Question about preventing e-scooters from going up on sidewalks

Sarah Roy

Hi Strong Towns friends!

Hoping for some advice regarding people riding e-scooters on the sidewalk. Our town, Fairfield, CT, is doing a pilot e-scooter program in partnership with Bird scooters (May to October/November). While the overall reception has been positive so far, the Town has received a few complaints about younger people riding e-scooters on the sidewalks and endangering pedestrians. I suggested perhaps people didn't feel safe riding on the busy streets along side cars going 30+ mph, further demonstration of our need to calm traffic and build safe and comfortable infrastructure for micromobility and bicycles. However, some of the witnesses said what they observed happened on quieter side streets and appeared to be more like young adults horsing around and being reckless. 

I'm wondering if any other communities out there dealt with this issue regarding e-scooters and if, so, how did you address it? Is there a way to program the e-scooters to stop if they go up on the sidewalk, just as they are programmed to stop if the driver tries to take the scooter outside a designated radius?

The police department is supportive of this program, which is a huge positive, and the town board of selectpeople are open to giving it a chance, but I'm worried that if they continue to receive complaints, they will either shut it down or choose not to continue/grow it in the future. 

Any advice you have would be most appreciated.






1 comment

  • Comment author
    Grant Bloom

    Hi Sarah,
    Sorry I am probably late to need, but I'll share my thoughts anyway.

    Micromobility is not immune to the same risks as bikes when it comes to high stress, marginally safe infrastructure. While there might be a few anecdotal instances of reckless young people riding on sidewalks, it is more likely that the sidewalk is the only place that scooter users feel safe on anything but side streets. "Wreckless young people" are a common scapegoat, especially when it comes to doing something new and different. Tell your selectpeople (sweet title btw) not to manage to the exception; police are good at addressing exceptions.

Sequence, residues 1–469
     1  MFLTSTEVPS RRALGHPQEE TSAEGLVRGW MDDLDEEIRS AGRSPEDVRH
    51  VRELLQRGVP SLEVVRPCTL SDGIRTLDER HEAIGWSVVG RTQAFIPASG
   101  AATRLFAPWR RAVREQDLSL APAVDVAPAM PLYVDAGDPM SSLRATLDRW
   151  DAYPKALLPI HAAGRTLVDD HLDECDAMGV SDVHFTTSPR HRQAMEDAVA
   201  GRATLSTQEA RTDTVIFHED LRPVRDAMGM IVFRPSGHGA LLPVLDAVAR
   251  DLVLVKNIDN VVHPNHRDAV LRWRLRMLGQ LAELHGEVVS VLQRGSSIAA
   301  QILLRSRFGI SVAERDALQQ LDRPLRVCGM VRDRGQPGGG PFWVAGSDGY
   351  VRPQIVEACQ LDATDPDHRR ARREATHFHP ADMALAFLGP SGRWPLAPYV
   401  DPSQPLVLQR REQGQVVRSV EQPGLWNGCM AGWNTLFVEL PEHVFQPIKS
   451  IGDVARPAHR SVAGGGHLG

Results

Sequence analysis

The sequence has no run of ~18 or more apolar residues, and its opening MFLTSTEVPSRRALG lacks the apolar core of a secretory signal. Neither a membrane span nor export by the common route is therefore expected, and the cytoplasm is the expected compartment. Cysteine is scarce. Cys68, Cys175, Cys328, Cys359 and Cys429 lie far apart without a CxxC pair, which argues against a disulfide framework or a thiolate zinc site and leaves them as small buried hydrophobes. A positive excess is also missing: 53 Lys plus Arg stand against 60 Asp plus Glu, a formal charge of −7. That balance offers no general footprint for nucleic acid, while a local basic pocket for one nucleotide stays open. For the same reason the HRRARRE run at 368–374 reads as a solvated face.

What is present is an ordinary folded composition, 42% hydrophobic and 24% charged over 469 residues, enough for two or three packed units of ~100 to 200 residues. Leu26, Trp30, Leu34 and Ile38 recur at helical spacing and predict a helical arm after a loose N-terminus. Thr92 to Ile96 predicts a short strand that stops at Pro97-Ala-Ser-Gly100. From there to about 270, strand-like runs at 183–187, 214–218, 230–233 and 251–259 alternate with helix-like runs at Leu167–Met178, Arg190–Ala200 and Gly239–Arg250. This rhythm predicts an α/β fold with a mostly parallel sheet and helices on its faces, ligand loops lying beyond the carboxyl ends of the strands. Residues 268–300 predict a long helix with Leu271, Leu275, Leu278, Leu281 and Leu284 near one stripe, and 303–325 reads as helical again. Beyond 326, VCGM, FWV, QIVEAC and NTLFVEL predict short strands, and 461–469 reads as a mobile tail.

As far as a technical barrier to using sidewalks, my experience with the geofences the scooters use is that it cannot reliably differentiate between a bike lane next to the sidewalk and the sidewalk itself. If your town is doing micromobility right the town gets some revenue from each ride or from licensing each company, and that revenue should go toward improving rolling infrastructure (ideally with a high impact quick win project early on). That positive reinforcement helps ensure the future viability of micromobility, biking, etc.


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